Honors and awards: Phi Beta Kappa, Highest Honors in History Honors Program at Emory, Recipient of the Theodore H. Jack Award, Phi Alpha Theta, Pi Sigma Alpha, Dean’s List at Emory.
Please follow and like us:

Ace Your AP United States History Test

The second-most popular Advanced Placement Exam in 2013 was Advanced Placement United States History, which was just slightly less popular than the Advanced Placement English Language Test.[1] The course’s curriculum introduces the student to the US’s major historical themes and events. Because this class is widely taken among AP students, this post will focus on some advice that I normally give my students to prepare for the exam.

A good AP United States History test student should be attentive in class and write detailed notes during their teacher’s lecture. The teacher is an expert on American history and can provide many major insights and analyses that you will not necessarily get when reading the textbook that accompanies the class. United States History is a discipline with varying opinions and emphases on differing events.

A teacher may have done in-depth research into the Proclamation of 1763 and its ramifications for the United States, and therefore can provide the student with insights that may not be found in a typical textbook. Their research will enrich a student’s understanding of the event that can be later written on the AP US History Essay portion of the exam. Moreover, tutors like me who were United States History majors may also have done intense research into American History topics, and can add analytical perspectives to a student’s understandings of US History that could not necessarily be found in any textbook or Prep-book.

That is not to say that the student should not read the textbook, they certainly should. Reading the textbook will help the student to understand the narrative arc of United States History. In fact, I often advise students to read their chapters more than once before the AP Exam, because it will help them remember the sequence of major events. While reading their textbook, they should take special note of any pictures or documents in the textbook, because these primary sources will likely be referenced in either the Multiple Choice or the Essay Portion of the exam. It may be helpful for the one to write an analysis of several of these primary sources as practice for the AP Exam’s questions of interpretation.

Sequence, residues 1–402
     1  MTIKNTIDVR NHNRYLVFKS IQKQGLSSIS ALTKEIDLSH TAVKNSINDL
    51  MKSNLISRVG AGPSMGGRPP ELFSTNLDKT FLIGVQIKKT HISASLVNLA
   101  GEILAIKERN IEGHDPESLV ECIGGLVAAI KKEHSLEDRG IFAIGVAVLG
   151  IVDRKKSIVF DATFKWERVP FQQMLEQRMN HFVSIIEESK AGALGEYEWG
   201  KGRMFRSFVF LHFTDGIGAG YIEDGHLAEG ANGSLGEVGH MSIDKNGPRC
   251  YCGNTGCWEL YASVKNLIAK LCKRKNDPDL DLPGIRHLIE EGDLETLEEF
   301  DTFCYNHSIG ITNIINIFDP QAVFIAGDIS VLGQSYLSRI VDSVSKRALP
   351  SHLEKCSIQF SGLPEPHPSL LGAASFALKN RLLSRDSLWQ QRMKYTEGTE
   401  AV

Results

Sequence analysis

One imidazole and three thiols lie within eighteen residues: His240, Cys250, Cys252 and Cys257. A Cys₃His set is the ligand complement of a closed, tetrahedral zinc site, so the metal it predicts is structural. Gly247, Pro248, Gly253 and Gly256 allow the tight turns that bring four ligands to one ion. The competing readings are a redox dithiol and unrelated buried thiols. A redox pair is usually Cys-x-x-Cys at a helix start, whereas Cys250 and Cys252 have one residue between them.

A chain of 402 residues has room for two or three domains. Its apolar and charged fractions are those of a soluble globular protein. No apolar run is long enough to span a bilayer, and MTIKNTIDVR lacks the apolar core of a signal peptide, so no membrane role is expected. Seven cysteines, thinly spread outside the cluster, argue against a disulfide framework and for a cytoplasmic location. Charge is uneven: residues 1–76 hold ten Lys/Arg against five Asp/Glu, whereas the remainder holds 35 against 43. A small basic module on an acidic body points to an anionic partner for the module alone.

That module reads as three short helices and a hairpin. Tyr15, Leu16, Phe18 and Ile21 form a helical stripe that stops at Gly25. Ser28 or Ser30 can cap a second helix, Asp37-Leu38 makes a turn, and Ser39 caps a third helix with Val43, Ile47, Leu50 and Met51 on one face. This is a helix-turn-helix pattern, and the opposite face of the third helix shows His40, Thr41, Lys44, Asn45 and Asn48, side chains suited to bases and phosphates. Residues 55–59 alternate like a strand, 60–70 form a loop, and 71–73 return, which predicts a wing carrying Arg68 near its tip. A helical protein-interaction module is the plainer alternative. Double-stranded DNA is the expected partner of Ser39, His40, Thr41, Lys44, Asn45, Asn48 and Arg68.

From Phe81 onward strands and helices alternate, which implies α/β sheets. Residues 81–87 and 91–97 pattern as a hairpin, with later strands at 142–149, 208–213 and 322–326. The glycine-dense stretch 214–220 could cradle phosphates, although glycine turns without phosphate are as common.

Students should also try to immerse themselves into US history. They should read classic American history novels, like The Scarlet Letter, Huckleberry Finn, Moby Dick, The Grapes of Wrath, and The Great Gatsby. By understanding the characters found in these books, students will have a greater personal grasp of history.

If you take these steps, you too will be prepared to ace your AP US History Test!

[1] “10 Most (and Least) Popular Advanced Placement (AP) Subjects.” Education by the Numbers.org. 2014. Web. 15 Apr. 2016. <http://educationbythenumbers.org/content/10-least-popular-advanced-placement-ap-subjects_930/>.

Blog Post by Rachel S. Stuart a Tutor and Featured Blogger for Academic Advantage Tutoring

rachel-close-up-good-pic (183x200)

About Rachel

I have always been a proud “nerd.” When I could, I always helped my friends with their homework because I just loved to teach them how to think about the world differently. In particular, history and writing have always been my specialties. When I was a little girl, my aspiration was to one day be a history professor! I hope to begin Master’s classes in the field of education and continue to be fascinated by changing technology in the classroom and different ways of engaging my students’ creativity!